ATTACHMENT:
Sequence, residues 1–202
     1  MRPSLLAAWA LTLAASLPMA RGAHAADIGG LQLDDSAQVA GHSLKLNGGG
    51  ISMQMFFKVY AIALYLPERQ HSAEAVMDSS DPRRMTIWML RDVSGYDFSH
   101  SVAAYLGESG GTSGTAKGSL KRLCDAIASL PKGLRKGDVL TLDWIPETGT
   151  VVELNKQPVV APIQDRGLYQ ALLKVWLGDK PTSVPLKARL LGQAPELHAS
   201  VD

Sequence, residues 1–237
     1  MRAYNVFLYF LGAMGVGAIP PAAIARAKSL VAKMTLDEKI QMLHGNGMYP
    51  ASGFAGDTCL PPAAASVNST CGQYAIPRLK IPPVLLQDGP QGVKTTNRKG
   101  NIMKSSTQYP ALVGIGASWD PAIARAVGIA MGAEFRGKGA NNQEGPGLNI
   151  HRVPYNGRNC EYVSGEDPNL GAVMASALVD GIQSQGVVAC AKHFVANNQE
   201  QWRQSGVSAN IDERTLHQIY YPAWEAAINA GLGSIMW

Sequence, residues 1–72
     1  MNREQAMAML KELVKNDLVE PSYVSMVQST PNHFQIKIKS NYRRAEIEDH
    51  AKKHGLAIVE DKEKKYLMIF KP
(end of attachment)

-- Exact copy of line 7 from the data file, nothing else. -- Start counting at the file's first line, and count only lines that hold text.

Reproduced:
Sequence, residues 1–237